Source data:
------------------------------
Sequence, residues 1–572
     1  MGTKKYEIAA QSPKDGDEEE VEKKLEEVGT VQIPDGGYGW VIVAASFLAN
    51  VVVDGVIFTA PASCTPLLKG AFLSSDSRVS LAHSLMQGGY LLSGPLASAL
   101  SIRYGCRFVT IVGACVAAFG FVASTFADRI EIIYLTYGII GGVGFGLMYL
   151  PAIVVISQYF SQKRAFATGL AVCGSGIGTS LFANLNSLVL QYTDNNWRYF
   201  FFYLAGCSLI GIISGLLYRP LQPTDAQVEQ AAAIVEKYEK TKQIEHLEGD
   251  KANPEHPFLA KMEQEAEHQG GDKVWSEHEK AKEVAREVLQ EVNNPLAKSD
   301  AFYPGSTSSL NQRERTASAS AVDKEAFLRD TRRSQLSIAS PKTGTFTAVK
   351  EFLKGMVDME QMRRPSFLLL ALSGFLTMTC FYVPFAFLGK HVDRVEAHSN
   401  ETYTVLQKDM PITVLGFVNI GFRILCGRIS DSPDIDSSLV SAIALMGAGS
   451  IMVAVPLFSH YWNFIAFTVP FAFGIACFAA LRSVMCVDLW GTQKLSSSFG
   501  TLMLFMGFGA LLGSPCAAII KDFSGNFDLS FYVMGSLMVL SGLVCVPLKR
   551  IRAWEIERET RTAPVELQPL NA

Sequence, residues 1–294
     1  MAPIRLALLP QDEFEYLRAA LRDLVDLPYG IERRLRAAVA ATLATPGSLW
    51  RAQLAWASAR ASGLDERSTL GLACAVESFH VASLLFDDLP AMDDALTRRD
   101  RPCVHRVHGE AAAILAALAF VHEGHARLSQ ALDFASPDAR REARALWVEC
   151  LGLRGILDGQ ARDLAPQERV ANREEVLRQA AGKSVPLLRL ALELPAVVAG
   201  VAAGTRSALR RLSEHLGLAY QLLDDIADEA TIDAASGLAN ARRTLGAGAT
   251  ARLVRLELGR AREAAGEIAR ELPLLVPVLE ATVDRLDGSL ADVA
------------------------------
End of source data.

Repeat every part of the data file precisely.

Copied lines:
Sequence, residues 1–572
     1  MGTKKYEIAA QSPKDGDEEE VEKKLEEVGT VQIPDGGYGW VIVAASFLAN
    51  VVVDGVIFTA PASCTPLLKG AFLSSDSRVS LAHSLMQGGY LLSGPLASAL
   101  SIRYGCRFVT IVGACVAAFG FVASTFADRI EIIYLTYGII GGVGFGLMYL
   151  PAIVVISQYF SQKRAFATGL AVCGSGIGTS LFANLNSLVL QYTDNNWRYF
   201  FFYLAGCSLI GIISGLLYRP LQPTDAQVEQ AAAIVEKYEK TKQIEHLEGD
   251  KANPEHPFLA KMEQEAEHQG GDKVWSEHEK AKEVAREVLQ EVNNPLAKSD
   301  AFYPGSTSSL NQRERTASAS AVDKEAFLRD TRRSQLSIAS PKTGTFTAVK
   351  EFLKGMVDME QMRRPSFLLL ALSGFLTMTC FYVPFAFLGK HVDRVEAHSN
   401  ETYTVLQKDM PITVLGFVNI GFRILCGRIS DSPDIDSSLV SAIALMGAGS
   451  IMVAVPLFSH YWNFIAFTVP FAFGIACFAA LRSVMCVDLW GTQKLSSSFG
   501  TLMLFMGFGA LLGSPCAAII KDFSGNFDLS FYVMGSLMVL SGLVCVPLKR
   551  IRAWEIERET RTAPVELQPL NA

Sequence, residues 1–294
     1  MAPIRLALLP QDEFEYLRAA LRDLVDLPYG IERRLRAAVA ATLATPGSLW
    51  RAQLAWASAR ASGLDERSTL GLACAVESFH VASLLFDDLP AMDDALTRRD
   101  RPCVHRVHGE AAAILAALAF VHEGHARLSQ ALDFASPDAR REARALWVEC
   151  LGLRGILDGQ ARDLAPQERV ANREEVLRQA AGKSVPLLRL ALELPAVVAG
   201  VAAGTRSALR RLSEHLGLAY QLLDDIADEA TIDAASGLAN ARRTLGAGAT
   251  ARLVRLELGR AREAAGEIAR ELPLLVPVLE ATVDRLDGSL ADVA